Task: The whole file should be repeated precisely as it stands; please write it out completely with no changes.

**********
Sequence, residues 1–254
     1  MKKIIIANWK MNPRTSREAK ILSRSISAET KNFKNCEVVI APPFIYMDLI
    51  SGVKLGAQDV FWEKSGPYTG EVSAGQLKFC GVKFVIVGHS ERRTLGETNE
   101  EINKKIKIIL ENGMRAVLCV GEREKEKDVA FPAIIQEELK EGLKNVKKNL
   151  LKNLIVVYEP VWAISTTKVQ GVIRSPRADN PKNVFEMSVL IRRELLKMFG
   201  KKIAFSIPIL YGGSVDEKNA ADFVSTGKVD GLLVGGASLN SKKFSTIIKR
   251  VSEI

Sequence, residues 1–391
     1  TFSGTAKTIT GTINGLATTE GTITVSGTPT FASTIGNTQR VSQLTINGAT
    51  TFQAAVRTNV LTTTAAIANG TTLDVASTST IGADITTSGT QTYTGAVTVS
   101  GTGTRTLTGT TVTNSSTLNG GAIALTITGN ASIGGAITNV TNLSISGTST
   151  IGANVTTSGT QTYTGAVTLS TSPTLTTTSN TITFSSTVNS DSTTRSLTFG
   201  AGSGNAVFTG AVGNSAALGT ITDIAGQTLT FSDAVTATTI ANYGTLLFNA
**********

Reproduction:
Sequence, residues 1–254
     1  MKKIIIANWK MNPRTSREAK ILSRSISAET KNFKNCEVVI APPFIYMDLI
    51  SGVKLGAQDV FWEKSGPYTG EVSAGQLKFC GVKFVIVGHS ERRTLGETNE
   101  EINKKIKIIL ENGMRAVLCV GEREKEKDVA FPAIIQEELK EGLKNVKKNL
   151  LKNLIVVYEP VWAISTTKVQ GVIRSPRADN PKNVFEMSVL IRRELLKMFG
   201  KKIAFSIPIL YGGSVDEKNA ADFVSTGKVD GLLVGGASLN SKKFSTIIKR
   251  VSEI

Sequence, residues 1–391
     1  TFSGTAKTIT GTINGLATTE GTITVSGTPT FASTIGNTQR VSQLTINGAT
    51  TFQAAVRTNV LTTTAAIANG TTLDVASTST IGADITTSGT QTYTGAVTVS
   101  GTGTRTLTGT TVTNSSTLNG GAIALTITGN ASIGGAITNV TNLSISGTST
   151  IGANVTTSGT QTYTGAVTLS TSPTLTTTSN TITFSSTVNS DSTTRSLTFG
   201  AGSGNAVFTG AVGNSAALGT ITDIAGQTLT FSDAVTATTI ANYGTLLFNA